The quest for new optoelectronic materials which are compatible with all-Si technology, thus enabling monolithic integration in light-emitting devices and photodetectors of conventional electronics, represents a great challenge of nowadays semiconductor research. One possibility consists in working with low-dimensional structures made of Si-compatible materials. Our group is thus concerned with the growth by molecular-beam epitaxy (MBE) of low-dimensional heterostructures such as quantum wells, wires and dots, which are based on type-IV semiconductors like Si and Ge with addition of C. We focus on the study of the physical properties which are crucial for the improvement of the performance for light emission of the obtained nanostructures by means of optical spectroscopies like Raman scattering, photoluminescence and spectral ellipsometry in combination with high-hydrostatic pressure techniques.
In particular, we make explicit use of the built-in stress components due to the large lattice mismatch between the different semiconductors like Si and Ge, to control the growth modus, switching between an epitaxial growth using strain-compensation techniques and a three-dimensional one in either Vollmer-Weber or Stranki-Krastanow mode for fabrication of SiGe quantum dots and in-plane nanowires. In this way, we might be able to tailor the electronic states in the obtained nanostructures to improve light emission or absorption efficiency.
The problem of attaining bright light emission from group IV semiconductors is of fundamental physical origin: both Si and Ge are indirect band-gap materials. As a consequence, the luminescence from group-IV materials is at least five orders of magnitude less intense than for their III-V counterparts. We aim, for instance, at tailoring the residual strain in novel micro-fabricated pure Ge or Ge-rich SiGe alloy layers, which when freed from the substrate should be able to concentrate large amounts of tensile strain to induce an indirect-to-direct gap crossover.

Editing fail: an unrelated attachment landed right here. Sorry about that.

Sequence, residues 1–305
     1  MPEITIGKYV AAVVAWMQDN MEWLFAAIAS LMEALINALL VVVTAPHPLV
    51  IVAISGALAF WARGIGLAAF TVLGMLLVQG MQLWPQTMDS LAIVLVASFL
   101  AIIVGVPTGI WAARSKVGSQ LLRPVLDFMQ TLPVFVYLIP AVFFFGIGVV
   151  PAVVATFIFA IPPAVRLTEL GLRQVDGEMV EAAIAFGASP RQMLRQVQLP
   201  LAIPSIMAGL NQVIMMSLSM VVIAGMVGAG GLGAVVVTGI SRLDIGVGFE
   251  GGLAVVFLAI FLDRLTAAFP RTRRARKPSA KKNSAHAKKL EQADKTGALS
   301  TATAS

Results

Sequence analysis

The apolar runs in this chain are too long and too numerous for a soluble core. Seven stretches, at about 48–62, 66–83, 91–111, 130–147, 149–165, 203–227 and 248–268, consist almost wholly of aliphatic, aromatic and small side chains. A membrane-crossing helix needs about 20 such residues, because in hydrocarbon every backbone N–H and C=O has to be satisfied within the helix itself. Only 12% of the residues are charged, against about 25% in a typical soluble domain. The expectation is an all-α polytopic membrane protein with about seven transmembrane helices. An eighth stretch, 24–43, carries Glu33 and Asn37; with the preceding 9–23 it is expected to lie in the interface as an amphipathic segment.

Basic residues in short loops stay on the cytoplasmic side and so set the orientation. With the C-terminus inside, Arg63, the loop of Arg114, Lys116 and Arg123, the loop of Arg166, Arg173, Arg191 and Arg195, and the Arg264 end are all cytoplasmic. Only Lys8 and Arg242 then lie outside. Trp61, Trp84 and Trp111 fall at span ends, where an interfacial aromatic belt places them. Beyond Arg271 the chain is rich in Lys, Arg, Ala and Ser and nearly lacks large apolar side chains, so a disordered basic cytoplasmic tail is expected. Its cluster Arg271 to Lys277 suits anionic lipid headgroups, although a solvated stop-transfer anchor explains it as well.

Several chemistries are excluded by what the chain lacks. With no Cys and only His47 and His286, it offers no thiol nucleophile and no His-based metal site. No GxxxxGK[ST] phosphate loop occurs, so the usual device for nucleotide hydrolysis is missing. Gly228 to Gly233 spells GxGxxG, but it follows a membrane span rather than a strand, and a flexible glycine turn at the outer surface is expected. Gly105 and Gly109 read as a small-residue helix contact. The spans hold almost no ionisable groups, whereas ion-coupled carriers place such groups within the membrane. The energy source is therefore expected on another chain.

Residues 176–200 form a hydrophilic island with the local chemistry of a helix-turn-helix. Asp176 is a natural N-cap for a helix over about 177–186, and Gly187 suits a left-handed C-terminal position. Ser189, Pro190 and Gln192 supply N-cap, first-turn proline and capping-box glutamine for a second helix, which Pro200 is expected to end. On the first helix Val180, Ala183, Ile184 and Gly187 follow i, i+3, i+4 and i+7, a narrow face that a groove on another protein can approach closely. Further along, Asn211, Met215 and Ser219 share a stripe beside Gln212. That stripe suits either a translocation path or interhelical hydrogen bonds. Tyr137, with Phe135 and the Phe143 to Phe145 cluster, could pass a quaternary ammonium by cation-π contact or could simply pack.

Another route towards attaining efficient light emitting materials fully compatible with CMOS technology concerns the use of amorphous Si nanoparticles (a-NPs) embedded in a non-stoichometric silicon oxide matrix. Our main finding is that the a-Si NPs exhibit intense, broadband emission in the visible, spectrally separable from the defect luminescence of the suboxide matrix. Apart from the brightness of the emitted light, the nanometer-sized a-Si inclusions present the technological advantage of needing very moderate annealing temperatures (450-700 C) for their production.
KEYWORDS: SiGe heterostructures; quantum wires and dots; optical, electronic & vibrational properties; spectroscopy; light emission.
Frequent collaborators: Dr. Jozef Novak (Bratislava); Dr. Riccardo Rurali (ICMAB); Prof. Axel Hoffmann (TU Berlin); Dr. Ana Ruiz (ICMM); Prof. Javier Rodríguez Viejo (UAB)